Abortions are just as safe when performed by trained nurse practitioners, midwives and physician assistants as when doctors do them, a new review of the evidence suggests.

Researchers analyzed five studies that compared first-trimester abortion complications and side effects based on who performed the procedures in close to 9,000 women - and typically found no differences.

"As access to abortion is increasingly restricted, the including of non-physicians in the pool of providers is really vital because fewer and fewer people will have access as there are more and more barriers," said Amy Levi, a professor of midwifery at the University of New Mexico in Albuquerque.

Having trained nurses and midwives perform abortions could also allow some women to get care before they would be able to see a doctor - and earlier access typically means fewer complications and better outcomes, Levi said.

That's especially the case in developing countries, where doctors who perform abortions may be few and far between.

In studies conducted in clinics and hospitals in Asia, Africa and the United States, procedures supervised by nurses or midwives and doctors had similar rates of incomplete abortion, incorrect determination of the fetus' age and complications such as bleeding and injuries to the uterus.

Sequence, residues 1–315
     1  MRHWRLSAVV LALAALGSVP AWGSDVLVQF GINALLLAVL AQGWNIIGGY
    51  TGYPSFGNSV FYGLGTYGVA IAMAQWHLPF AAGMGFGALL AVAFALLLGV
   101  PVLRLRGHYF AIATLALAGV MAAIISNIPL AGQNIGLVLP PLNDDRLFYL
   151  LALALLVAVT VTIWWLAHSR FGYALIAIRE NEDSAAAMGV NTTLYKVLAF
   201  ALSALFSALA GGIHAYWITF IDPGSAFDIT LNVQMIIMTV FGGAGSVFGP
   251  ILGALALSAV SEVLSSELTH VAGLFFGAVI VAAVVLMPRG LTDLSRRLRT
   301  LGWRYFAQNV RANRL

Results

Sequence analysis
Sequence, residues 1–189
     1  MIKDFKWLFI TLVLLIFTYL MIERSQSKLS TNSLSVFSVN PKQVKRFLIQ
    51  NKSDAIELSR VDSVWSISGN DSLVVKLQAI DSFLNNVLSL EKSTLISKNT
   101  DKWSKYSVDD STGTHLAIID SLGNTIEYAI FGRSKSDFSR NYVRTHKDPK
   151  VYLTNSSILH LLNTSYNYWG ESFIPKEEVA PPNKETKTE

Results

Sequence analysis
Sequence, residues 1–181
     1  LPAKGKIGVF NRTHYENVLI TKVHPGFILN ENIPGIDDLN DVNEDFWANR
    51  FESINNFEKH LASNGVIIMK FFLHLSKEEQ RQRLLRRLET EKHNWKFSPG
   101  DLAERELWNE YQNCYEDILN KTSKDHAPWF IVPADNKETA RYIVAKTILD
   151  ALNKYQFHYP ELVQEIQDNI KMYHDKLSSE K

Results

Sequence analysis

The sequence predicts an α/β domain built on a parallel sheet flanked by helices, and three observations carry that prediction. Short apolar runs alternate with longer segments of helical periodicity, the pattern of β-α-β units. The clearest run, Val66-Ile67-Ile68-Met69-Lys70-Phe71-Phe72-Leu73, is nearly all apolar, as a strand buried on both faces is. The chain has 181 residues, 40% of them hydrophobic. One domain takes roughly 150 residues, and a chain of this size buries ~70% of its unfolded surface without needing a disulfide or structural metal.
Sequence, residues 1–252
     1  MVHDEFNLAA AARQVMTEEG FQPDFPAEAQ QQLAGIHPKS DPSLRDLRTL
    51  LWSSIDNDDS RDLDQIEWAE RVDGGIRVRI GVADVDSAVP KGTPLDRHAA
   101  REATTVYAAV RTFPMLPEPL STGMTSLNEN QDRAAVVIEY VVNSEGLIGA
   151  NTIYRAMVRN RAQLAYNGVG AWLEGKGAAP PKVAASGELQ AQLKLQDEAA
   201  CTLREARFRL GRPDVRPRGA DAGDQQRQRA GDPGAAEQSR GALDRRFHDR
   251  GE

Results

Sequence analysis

For example, in one study of about 1,400 women getting an abortion in Vermont or New Hampshire, there were complications in 2.2 percent of procedures with a physician assistant and 2.3 percent with a doctor.

Nathalie Kapp from the World Health Organization in Geneva, Switzerland and her colleagues said the findings don't apply to nurses and midwives who perform abortions without access to emergency care nearby, or to abortions done after the first trimester.

They published their findings in BJOG: An International Journal of Obstetrics and Gynaecology.

According to the Guttmacher Institute, a sexual and reproductive health organization, 39 states require abortions to be performed by a licensed physician. And Levi, who was not involved in the new study, said only a few allow non-physicians to perform abortions both surgically and medically (with drugs).

But the findings are "really powerful" in other parts of the world, where unsafe abortion is one of the leading causes of maternal death and non-physician providers far outnumber doctors, said Levi, who wasn't involved in the new study.

They are also consistent with her expectations after working for a California-based program that trains nurse practitioners, midwives and physician assistants to perform abortions safely, she told Reuters Health.

"Access to safe abortion is imperative for reducing maternal mortality worldwide," Levi said.

"We need to keep the conversation embedded in women's health care, which is where it belongs, and I think this kind of data will help."